You already knew that health care is insanely expensive. What you might not have known is how large companies and their employees are responding to the rising costs. 

According to a trove of data released Feb. 16 by Benefitfocus, an online benefits management platform based in Charleston, South Carolina, the overwhelming answer is through high-deductible health plans. Fifty-two percent of large employers now offer at least one HDHP (plans with a deductible of at least $5,000).

In addition, 41 percent of employees are choosing an HDHP over a traditional plan. This is especially true for younger employees. HDHP adoption rates are highest among millennials--a group Benefitfocus broadly defines as those born between 1980 and 1998--at approximately 44 percent. Enrollment in HDHPs decreases with each older generation, bottoming at 22 percent for a group Benefitfocus calls "traditionalists"--employees born in 1948 or earlier. 

These results are based on data from about 500 of Benefitfocus's large customers--that is, customers with 1,000 or more employees. All told, the findings encompass a sample of more than 700,000 employees from a diverse set of industries. (You can download a copy of the report here.)

Are the findings that surprising? It depends whom you ask. Certainly, it's no surprise millennials can be thrifty. Moreover, it's common sense that one employer and employee response to rising healthcare costs would be turning to plans in which the lofty deductible offsets the exorbitant premiums--especially among younger employees who, generally speaking, need medical services a lot less than their older coworkers. 

While Benefitfocus wasn't shocked by the overall trend of HDHP growth, the 41 percent figure was high enough to catch their attention. "In advance of this data, my assumption was always that the average U.S. employee selected healthcare like the non-educated American picks wine--just by price," says Jeff Oldham, vice president of Benefitfocus's Benefitstore unit, which specializes in voluntary benefits (e.g. coverage for things like critical illness, hospital indemnity, and accidents). "That 41 percent tells me people are realizing, 'hey, maybe I've been over-insured for years.'"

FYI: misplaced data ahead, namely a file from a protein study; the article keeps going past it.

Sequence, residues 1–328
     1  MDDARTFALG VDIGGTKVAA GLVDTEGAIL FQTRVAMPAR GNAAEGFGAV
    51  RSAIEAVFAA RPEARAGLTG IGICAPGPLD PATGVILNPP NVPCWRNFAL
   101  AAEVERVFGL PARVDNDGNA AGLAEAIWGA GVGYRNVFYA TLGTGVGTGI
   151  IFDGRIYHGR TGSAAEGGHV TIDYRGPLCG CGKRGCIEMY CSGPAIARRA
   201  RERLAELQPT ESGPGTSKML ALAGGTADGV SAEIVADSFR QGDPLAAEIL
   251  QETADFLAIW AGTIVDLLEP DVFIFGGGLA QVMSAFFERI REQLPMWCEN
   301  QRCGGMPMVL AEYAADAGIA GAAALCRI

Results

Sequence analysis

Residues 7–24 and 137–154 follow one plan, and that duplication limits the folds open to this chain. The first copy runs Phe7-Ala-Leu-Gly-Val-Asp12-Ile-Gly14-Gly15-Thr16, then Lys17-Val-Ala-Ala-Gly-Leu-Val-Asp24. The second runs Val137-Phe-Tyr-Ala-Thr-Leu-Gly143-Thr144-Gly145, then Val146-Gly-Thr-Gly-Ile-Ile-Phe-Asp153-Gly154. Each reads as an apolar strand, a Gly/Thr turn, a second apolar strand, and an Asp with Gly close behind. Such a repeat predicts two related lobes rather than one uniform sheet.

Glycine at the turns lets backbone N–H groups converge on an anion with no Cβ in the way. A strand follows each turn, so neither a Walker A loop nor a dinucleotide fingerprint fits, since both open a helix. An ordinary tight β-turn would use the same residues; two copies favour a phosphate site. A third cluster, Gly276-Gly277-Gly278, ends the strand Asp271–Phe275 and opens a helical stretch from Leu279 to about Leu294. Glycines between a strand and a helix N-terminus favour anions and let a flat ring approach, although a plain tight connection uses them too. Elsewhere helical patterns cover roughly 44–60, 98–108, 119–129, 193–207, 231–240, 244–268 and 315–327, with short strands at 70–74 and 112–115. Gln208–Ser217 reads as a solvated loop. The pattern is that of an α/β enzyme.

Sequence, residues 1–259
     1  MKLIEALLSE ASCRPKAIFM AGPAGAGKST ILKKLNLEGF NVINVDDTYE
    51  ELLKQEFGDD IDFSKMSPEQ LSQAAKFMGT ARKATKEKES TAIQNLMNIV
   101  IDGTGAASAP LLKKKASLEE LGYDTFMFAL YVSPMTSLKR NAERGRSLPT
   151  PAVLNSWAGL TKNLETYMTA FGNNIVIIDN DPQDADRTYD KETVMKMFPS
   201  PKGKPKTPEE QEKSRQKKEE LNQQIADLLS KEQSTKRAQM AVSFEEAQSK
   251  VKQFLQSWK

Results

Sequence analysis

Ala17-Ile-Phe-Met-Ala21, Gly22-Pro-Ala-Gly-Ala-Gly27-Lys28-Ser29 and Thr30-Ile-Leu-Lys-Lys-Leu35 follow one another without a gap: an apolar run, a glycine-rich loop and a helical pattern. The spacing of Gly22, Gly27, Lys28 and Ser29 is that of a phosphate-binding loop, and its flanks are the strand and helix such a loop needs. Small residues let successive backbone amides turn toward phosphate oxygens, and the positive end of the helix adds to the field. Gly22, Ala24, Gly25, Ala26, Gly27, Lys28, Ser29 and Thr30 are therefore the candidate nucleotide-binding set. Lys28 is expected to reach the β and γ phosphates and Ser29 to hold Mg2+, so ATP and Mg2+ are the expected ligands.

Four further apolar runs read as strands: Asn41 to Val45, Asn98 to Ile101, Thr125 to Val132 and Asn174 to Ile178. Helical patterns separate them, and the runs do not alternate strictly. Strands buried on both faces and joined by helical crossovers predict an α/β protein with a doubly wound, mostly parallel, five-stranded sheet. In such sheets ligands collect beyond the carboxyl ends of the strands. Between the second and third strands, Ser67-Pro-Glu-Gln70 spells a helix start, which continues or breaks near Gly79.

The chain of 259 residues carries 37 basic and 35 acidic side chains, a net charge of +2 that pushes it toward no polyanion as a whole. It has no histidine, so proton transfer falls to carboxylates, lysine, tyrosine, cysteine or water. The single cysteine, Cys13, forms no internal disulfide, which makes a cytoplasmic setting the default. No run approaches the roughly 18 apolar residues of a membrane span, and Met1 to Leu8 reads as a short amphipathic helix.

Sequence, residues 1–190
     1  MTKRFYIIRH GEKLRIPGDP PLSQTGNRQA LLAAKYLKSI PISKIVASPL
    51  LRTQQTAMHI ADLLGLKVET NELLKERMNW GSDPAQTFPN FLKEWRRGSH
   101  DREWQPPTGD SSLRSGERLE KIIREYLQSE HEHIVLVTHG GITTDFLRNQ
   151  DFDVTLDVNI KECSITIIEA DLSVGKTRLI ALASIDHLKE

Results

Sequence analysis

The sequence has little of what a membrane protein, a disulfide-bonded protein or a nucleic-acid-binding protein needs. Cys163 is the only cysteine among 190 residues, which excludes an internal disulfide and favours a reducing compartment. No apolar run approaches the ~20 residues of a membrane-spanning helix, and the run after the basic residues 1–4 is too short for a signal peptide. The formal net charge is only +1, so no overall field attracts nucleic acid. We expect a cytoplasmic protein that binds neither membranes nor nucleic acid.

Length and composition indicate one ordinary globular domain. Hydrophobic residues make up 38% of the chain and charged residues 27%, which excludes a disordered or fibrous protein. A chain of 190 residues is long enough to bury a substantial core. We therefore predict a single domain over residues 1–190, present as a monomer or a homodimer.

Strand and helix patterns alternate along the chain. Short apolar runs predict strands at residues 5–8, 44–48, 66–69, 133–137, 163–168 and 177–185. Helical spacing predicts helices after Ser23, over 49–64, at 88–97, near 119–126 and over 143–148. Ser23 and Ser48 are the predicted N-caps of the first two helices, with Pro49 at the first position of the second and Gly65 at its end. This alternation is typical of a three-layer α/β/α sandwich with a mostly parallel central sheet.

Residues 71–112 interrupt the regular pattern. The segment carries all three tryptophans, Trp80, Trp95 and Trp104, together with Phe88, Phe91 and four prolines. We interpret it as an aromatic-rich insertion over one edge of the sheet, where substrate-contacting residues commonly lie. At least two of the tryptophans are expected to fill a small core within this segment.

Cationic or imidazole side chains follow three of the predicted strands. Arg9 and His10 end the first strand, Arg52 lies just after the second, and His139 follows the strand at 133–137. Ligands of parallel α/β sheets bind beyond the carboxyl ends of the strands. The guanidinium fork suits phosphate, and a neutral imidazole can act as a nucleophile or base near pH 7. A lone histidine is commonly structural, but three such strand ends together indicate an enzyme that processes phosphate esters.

Leaders at large companies--especially company owners and human resources executives--are likely to find the specific numbers in the report's appendix of interest as a resource. The appendix offers specific financial figures about the costs of premiums for employees and employers. If those figures are lower than what you and your employees are paying, you can potentially use them as leverage to negotiate with your brokers. 

For example, for an HDHP family plan in Benefitfocus's data set, the average annual cost for the employee is $2,815. The average annual cost for the employer is $11,501. For an HMO family plan, the average annual cost for the employee is $3,493. The average annual cost for the employer is $11,415. For a PPO family plan, the average annual cost for the employee is $4,262. The average annual cost for the employer is $11,436.

What you can glean from these figures, too, is that it doesn't cost much more--on a per employee basis--for an employer to offer an HDHP plan. So if your workforce is skewing younger, offering an HDHP is likely a cost-effective way to give your workers a more affordable and fitting benefits package. And surprise, surprise: The folks at Benefitfocus know just where you can find one.